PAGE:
Picea mariana (black spruce),
Bloodvein River watershed, NW Ontario;
|The boreal forest of Ontario is made up primarily of conifers in the Pinaceae, such as black and white spruce (Picea mariana and P. glauca, the former pictured below), jack pine (Pinus banksiana), tamarack (Larix laricina), and fir (Abies balsamea). Broad-leaved trees are mainly white birch (Betula papyrifera) and poplars (Populus tremuloides, P. balsamifera), although American elm (Ulmus americana) forms gallery forests along rivers flowing through the boreal forest, and species in several other genera are also found. If you compare this species list with the tree species tabulated for the mixed and deciduous forests of Ontario you will find that the ranges of all of these tree species extend south into the mixed forest, and beyond, wherever local conditions rule out competition from other species. To the north the boreal forest becomes increasingly sparse (barrens) until it is replaced by tundra on the coast of Hudson Bay.|
Byron Bog, London ON; photo L. M. Dickinson - © L. M. Dickinson
Boreal forest species are adapted not only to low temperatures and a wide range of moisture conditions, but also to conditions of very reduced nutrient availability that result from, among other things, the very young, hence nutrient-poor, soils. For this reason low-lying, poorly-drained sites (e.g. kettle bogs) in the mixed and deciduous forest regions of Ontario often are occupied by species characteristic of the boreal forest since cold air drainage, waterlogging, and acidification due to the growth of Sphagnum moss all contribute to much reduced nutrient availability. For more information about bogs, visit the super site set up by E. M. Temsch.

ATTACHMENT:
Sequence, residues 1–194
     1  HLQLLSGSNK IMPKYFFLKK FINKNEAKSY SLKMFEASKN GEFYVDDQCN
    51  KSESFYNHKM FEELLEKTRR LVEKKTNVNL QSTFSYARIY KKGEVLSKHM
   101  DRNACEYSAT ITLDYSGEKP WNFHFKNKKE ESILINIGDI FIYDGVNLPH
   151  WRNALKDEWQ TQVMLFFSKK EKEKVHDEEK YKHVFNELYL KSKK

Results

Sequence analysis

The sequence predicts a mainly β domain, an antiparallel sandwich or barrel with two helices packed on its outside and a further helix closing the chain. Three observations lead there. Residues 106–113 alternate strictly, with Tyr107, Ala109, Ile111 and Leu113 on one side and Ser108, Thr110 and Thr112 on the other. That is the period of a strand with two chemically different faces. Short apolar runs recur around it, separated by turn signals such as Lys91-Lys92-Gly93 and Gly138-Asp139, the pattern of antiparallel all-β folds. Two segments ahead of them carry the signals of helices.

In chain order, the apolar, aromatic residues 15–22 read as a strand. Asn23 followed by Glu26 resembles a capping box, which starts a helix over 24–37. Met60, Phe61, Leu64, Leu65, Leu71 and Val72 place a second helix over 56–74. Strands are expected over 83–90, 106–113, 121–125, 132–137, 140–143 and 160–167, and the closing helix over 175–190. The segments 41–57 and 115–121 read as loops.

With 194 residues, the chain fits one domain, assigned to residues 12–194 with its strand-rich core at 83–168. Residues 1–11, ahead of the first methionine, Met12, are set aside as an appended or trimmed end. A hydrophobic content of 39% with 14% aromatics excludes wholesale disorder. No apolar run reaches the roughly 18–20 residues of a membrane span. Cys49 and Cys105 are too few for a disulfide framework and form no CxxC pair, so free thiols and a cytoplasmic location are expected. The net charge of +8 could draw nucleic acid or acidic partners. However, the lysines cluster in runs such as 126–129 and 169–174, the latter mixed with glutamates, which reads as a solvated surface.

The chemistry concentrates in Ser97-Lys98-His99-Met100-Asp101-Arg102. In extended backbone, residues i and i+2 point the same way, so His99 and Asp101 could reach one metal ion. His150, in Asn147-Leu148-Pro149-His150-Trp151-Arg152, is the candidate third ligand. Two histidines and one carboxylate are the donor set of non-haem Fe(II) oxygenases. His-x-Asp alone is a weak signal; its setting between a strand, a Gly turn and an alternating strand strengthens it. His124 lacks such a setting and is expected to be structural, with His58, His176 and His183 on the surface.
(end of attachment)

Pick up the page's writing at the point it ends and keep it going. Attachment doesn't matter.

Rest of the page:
[back to top] [back to the Ontario flora page] [Earth Sciences Center - Boreal planting]
| What are plant families? | How do we distinguish them? | How and why do we study them? | Selected vascular plant families of Ontario | Reading List | Course outline |
Home Page | What's New | U
of T Ecology & Evolutionary Biology | University of Toronto
2008 Department of Ecology & Evolutionary Biology and 2000-2006 Botany Department, University of Toronto.
© 2008 Department of Ecology & Evolutionary Biology and 2000-2006 Botany Department, University of Toronto.